I have supported students who have rejected Oxford or Cambridge in favour of a US university offer. Indeed, over 15% of students at CSFC accept offers from outside of the UK and a statistic which matters much more to us than Oxbridge offers is that over 80% of our students move on to a QS top one-hundred university.
There are many positive reasons for students to look beyond Oxbridge when applying through UCAS. Closer analysis leads to interesting conclusions and an applicant must ask themselves what it is they seek from a university. A glance at thecompleteuniversityguide.co.uk is a good place to start. Oxford and Cambridge may be ranked at the top, overall, but if student satisfaction is a measure that matters to you, then St. Andrews (ranked 4th overall in the UK), comes out on top. Oxford and Cambridge don’t even make the top 100 in the UK, on this measure. If the quality of research is a priority, then Imperial and The LSE top the table, followed by Oxford and Cambridge in quick succession before Cardiff makes its mark. When ranked by graduate prospects, LSE and Imperial continue to lead the charge.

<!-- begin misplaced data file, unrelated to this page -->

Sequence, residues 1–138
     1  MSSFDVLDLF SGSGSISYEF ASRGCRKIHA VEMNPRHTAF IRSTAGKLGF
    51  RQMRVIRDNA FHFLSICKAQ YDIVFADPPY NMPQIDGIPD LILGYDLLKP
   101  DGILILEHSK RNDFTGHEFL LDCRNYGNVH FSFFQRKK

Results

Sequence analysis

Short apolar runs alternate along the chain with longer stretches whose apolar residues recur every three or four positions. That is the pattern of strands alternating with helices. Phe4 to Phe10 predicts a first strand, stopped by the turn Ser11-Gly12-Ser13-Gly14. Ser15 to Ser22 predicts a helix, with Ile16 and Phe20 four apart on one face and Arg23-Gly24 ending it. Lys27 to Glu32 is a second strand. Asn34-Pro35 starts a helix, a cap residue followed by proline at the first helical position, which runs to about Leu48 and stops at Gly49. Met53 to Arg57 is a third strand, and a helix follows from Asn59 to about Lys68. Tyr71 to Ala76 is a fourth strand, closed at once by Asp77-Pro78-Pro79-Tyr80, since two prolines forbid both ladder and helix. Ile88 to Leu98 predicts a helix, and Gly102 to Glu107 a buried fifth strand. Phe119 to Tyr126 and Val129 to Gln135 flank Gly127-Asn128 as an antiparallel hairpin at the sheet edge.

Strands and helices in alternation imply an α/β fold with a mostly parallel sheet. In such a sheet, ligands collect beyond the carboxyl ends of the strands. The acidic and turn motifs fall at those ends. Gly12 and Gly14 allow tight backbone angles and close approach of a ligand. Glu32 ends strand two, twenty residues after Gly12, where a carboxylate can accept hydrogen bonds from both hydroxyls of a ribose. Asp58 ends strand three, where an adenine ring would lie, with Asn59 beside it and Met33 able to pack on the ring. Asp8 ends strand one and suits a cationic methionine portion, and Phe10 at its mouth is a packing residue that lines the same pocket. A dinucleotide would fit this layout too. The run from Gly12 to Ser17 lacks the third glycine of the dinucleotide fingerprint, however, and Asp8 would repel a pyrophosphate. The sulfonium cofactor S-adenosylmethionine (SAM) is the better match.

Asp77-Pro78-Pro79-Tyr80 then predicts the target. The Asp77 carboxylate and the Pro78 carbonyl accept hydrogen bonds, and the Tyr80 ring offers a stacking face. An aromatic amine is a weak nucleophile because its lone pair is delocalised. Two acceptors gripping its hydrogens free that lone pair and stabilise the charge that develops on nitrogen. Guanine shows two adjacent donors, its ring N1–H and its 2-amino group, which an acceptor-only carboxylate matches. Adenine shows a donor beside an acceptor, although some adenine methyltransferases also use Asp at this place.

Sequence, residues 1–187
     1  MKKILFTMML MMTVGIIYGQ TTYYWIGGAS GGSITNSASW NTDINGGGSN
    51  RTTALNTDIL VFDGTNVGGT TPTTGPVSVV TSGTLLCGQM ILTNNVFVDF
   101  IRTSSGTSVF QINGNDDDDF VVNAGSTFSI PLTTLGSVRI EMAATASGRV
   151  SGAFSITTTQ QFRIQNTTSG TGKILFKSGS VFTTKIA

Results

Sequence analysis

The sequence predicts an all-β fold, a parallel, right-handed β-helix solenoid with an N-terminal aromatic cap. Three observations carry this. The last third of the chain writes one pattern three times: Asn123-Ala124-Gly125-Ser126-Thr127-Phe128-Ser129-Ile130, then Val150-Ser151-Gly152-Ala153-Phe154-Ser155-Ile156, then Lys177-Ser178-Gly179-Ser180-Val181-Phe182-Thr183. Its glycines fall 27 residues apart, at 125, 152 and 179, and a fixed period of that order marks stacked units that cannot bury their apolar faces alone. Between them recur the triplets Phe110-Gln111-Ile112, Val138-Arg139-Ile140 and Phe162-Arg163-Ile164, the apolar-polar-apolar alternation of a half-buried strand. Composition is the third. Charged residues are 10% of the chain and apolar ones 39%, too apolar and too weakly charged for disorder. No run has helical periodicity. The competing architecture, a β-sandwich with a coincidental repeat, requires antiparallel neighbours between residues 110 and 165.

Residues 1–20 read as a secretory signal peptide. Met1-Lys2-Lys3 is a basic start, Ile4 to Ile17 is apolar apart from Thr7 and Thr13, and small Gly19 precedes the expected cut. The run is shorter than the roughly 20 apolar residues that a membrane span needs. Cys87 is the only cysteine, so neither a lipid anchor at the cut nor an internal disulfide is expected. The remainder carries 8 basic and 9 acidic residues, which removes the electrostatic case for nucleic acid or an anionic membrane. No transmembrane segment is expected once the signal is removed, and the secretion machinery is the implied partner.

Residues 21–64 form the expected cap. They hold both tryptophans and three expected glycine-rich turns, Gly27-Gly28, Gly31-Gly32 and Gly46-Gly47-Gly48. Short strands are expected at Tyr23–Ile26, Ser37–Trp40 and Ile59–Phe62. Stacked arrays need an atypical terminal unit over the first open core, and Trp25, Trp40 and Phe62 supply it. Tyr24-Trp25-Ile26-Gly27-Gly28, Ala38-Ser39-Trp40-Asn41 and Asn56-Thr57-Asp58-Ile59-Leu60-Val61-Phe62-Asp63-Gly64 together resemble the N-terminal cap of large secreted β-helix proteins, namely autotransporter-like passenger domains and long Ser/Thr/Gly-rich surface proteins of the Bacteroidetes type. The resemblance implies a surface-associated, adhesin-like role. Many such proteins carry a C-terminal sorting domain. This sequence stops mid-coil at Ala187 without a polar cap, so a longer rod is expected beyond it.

Individual students, selecting individual courses, may be mindful of the fact that subject areas are also ranked by various criteria. A young physicist, dreaming of taking her degree from the same institution as Isaac Newton but mindful of her graduate prospects may not have considered Lincoln (1st position for Physics /Astronomy graduate prospects) over Cambridge (9th). Finally, S has some clarity! Likewise, an aspiring economist keen to study at Oxford, where Adam Smith took his second degree, should take a look at Warwick, Bath, UCL, KCL and Strathclyde, which all rank above Oxford for graduate prospects as far as their economists are concerned.